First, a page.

When we want to buy a television we have the doubt about which panel we should buy. Therefore, we bring you the comparison between QLED vs OLED in order to help you choose between the best panels on the market.
LG brought the OLED , while Samsung tried to answer it with the QLED , but there are big differences between one technology and another. From the outset, the name may confuse the consumer believing that it is the same technology, but the truth is that they have nothing to do with it. We will briefly explain what each panel is and then we will compare them to dispel your doubts.
This panel is used mainly by LG , although it is a technology that the Korean brand shares with other brands such as Sony, Panasonic or Philips. We really have to go back to 2004 to see the first OLED TV, which was introduced by Sony .
It was still a technology that was “green”, but the consolidation comes from the hand of LG in 2010 with the 15EL9500 OLED , a 15-inch TV. However, it was still early and we can talk about the OLED panel seriously from 2013 , although they came to the market with the famous problems of ” burn-in ” or burned .
The acronym stands for Organic Light-Emitting Diode and it is an organic panel that works without a backlight . This system allows each pixel to be illuminated individually, thanks to which the famous pure blacks are achieved.
The lack of backlight is a crossroads: the panel sacrifices itself in brightness , but in dark scenes the image is brutal. It must be said that the result is more than satisfactory because, in this way, a dark scene is much more realistic . On the other hand, we can find LED panels that are brighter than OLEDs, but is it worth it? Later, we will see that brightness and ” nits ” are not everything.
In addition, the OLED panel is composed of carbon (hence it is said to be organic), as well as fewer layers than a conventional LCD-LED panel. This translates into a much lighter weight and a smaller thickness on the TV. This feature may not be as interesting to the user as it will not move the TV around the site.
However, this panel has really good benefits and we should talk about:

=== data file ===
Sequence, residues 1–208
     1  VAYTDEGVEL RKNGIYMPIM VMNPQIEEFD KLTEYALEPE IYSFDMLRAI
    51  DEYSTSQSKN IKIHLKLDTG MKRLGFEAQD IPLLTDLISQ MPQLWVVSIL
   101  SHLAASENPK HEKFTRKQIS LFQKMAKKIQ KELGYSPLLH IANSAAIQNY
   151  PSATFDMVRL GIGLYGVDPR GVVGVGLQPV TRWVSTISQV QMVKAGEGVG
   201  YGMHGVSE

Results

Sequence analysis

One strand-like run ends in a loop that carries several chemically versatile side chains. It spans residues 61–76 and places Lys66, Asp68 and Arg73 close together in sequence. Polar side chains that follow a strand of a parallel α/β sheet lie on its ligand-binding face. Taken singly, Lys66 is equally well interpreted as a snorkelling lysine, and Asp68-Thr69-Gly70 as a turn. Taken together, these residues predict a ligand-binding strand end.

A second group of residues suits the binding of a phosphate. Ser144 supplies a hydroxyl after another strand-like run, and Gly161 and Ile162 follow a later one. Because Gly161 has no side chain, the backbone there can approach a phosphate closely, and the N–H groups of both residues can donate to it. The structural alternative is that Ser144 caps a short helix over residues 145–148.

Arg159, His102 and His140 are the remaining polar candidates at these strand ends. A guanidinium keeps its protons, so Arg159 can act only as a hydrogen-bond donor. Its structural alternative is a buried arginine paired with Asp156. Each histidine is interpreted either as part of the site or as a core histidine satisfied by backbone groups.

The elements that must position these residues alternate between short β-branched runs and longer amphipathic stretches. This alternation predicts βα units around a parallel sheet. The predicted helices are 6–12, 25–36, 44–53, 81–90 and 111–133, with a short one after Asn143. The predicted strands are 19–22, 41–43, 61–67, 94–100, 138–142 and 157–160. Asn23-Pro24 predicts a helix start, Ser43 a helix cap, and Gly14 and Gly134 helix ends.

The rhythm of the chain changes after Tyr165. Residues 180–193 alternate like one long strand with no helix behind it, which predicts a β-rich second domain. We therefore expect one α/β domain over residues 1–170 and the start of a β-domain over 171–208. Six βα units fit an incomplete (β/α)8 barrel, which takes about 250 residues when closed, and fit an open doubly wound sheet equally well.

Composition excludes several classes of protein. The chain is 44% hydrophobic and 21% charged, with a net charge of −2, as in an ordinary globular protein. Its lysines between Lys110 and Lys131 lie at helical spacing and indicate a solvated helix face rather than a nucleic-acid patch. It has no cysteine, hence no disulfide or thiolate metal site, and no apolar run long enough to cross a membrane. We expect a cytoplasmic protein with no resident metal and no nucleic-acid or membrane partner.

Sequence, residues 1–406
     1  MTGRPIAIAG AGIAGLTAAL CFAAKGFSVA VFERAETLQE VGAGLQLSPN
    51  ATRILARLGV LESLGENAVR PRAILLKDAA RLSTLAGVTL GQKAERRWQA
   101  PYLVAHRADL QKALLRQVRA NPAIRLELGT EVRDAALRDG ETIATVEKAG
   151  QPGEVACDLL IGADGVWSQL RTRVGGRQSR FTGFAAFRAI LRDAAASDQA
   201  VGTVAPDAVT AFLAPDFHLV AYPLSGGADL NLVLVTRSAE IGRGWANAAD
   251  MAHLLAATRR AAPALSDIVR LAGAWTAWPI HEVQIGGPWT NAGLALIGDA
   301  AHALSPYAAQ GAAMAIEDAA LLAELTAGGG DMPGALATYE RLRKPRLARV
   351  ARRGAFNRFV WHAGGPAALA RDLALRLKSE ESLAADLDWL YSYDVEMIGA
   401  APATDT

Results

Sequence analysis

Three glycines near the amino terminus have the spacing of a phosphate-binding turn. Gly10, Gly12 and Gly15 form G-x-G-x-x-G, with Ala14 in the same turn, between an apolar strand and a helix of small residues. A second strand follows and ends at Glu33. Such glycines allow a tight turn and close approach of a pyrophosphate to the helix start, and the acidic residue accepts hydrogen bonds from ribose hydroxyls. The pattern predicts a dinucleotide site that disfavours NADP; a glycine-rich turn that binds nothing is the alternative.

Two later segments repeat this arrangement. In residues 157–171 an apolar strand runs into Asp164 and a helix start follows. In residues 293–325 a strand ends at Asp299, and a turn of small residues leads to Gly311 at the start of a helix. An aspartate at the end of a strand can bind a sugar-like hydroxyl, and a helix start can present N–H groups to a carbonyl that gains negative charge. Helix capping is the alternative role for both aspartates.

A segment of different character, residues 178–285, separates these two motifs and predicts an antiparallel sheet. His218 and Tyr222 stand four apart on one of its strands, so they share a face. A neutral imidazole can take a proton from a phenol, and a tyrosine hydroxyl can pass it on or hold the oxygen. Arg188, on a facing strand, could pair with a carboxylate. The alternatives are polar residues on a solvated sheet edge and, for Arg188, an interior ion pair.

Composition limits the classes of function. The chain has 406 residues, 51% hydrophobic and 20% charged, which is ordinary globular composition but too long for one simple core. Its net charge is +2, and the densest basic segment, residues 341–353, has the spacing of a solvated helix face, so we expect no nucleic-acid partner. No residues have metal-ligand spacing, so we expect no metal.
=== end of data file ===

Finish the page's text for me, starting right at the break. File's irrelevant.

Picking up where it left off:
0.001 ms response time . As far as televisions are concerned, it is a great advance because LED panels usually come with about 8 ms easily.
Improved refresh rate . To say that this feature depends on the TV, but we will rarely see an LED LCD with 144 Hz refresh rate. In OLED, LG has some option with this feature.
Very good color space . In OLEDs we will see very vivid colors thanks to the fact that the panel contemplates a very wide range of colors.
In this case, we find a technology completely unique to Samsung , although we can see some brands use panels such as TCL . It appears as the alternative to OLED, but will it really be?
The Korean brand explains that the QLED panel is based on Quantum Dots , ultra-thin semiconductors measured in nanometers. All Quantum Dots produce different colors of light (depending on the size of each one), allowing a precise light emission, since they adjust to speeds of quantum level.
Samsung sells us the QLEDs as a ” high brightness ” panel , referring to the brightness of the screen. Hence we see the word ” nits ” everywhere in the advertising of these televisions, an aspect in which they win by a landslide. And is that a high brightness benefits the contrast ratio , as well as the capabilities of HDR (high dynamic range).
Samsung QLED backlight
What about the blacks? Samsung implements Direct Full Array , a backlighting system , and here we are going to expand further. Unlike OLEDs, the QLED is an LED panel that needs backlighting despite the similarity of its name, but we found 3 main systems:
It is the cheapest system and is characterized by putting LED strips at the ends of the panel, being able to find a strip or 2 strips. The disadvantage of this panel is when there is a scene that requires lighting only in the center. Since the LED strips are at the ends, they must go the extra mile to make the center light up, causing unrealistic lighting. In these panels there are no blacks , but grays.
Direct LED . In this case, the LEDs are at the rear and come without Local Dimming (technology that dims areas where light is not required and enhances areas that require brightness). It’s another cheap backlight system, and its contrast is usually low.
Full Array Local Dimming ( FALD ). This system is present in the high-end range and is characterized by having LED diodes throughout the panel , which leads to higher consumption. Removing that, the illumination of the entire panel is much more accurate, allowing more realistic blacks because specific areas can be turned off. It is the best system of the 3, but also the most expensive.
In the case of the QLED , they sell us the Direct Full Array as a solution for pure blacks, but the truth is that it is another backlighting system. The problem here is that we must investigate well the QLED panel we are interested in, since it can be Edge LED or FALD.